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December 4, 2018 11:15 AM, EST

Letter: Keep Urging Young People to Pick Trucking as a Career

I read with interest your excellent article highlighting college students’ participation at ATA’s Management Conference & Exhibition in October in Austin. I am glad Transport Topics is covering this and informing industry leaders of the gold mine of talent at our fingertips. The mention of the students from Auburn who attended the conference hit a chord, as I was recently at a neighbor of Auburn’s — Tuskegee University — teaching a couple classes in supply chain. What an impressive group of students there.

I work in trucking and have for four decades, starting with loading trailers and progressing to carrier management and then to what most of my career has involved — consulting to small- and medium-size motor carriers. Trucking is an industry that caught my eye early in life and continues to invigorate me every day. I was a student in college who gravitated toward transportation and trucking, though few educational options were offered for this interest. I pursued an advanced degree oriented toward trucking and was guided by a wonderful professor, adviser and mentor who saw my passion. I was an “outsider” to my academic peers because of my career goals. The perception of trucking remains negative today.

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For many years I have participated with several universities teaching classes from time to time. I emphasize the vibrancy of trucking and the opportunity to have a fulfilling career where leadership roles abound. As I emphasize to students, this is an industry that combines problem-solving, interaction with a wide range of situations and people working together and a sense of accomplishment for a job well-done that affects thousands — if not millions — of people. As ATA has said for decades: “If you got it, it came by truck.” Nothing could be more true.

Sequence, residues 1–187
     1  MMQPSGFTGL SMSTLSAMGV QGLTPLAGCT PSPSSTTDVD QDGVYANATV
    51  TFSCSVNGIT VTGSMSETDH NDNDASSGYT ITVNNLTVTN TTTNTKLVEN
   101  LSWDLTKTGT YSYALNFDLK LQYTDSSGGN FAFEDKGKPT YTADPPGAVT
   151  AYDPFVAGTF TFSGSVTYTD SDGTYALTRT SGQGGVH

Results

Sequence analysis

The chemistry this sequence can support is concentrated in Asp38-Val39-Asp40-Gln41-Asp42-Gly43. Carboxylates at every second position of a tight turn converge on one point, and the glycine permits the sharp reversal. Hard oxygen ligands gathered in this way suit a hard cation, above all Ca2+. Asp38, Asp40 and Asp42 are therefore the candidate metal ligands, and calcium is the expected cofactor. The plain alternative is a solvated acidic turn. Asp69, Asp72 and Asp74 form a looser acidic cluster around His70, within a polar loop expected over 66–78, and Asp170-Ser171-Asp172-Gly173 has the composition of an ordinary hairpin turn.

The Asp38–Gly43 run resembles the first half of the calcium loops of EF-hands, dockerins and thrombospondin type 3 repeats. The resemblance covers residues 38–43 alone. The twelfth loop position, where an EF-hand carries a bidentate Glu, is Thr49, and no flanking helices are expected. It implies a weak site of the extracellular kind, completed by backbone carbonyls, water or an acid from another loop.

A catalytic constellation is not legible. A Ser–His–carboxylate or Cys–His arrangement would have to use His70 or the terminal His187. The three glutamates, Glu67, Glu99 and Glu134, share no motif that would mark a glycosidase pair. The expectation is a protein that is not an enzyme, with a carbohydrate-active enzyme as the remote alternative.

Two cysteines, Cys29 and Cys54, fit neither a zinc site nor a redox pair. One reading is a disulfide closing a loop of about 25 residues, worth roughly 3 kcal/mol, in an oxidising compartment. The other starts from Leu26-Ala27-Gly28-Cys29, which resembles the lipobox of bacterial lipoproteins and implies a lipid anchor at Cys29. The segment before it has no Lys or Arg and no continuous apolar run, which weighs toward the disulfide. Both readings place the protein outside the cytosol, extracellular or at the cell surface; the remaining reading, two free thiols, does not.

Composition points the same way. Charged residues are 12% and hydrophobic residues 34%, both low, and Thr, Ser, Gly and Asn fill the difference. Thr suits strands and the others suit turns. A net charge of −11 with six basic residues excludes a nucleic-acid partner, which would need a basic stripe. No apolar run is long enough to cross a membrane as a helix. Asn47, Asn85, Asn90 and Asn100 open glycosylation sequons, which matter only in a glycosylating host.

Unfortunately, there are challenges getting this message out. Yes, we have huge carriers serving the supply chain that offer opportunities to young people across a wide range of functions. However, the largest group of employers are small- to medium-size companies, all privately held and normally family run, where advancement and creative responsibility can be limited. Of course, this is characteristic within many industries, but complicating the challenge of recruiting bright, enthusiastic new blood is the stigma associated with trucks.

Even those in supply chain to whom I lecture respond apprehensively to this question: what comes to your mind when you pass a truck on the interstate? The most common answer, more than 50% of the time, from both men and women, is, “I’m scared.”

We have a tall hill to climb, but I am confident that if we approach it properly with open minds to new ideas, challenging responsibilities and an honest welcome mat, we can succeed.

Keep writing about this and convincing leaders of the industry to promote the positive careers trucking can offer. I certainly will.

Larry Menaker

Chicago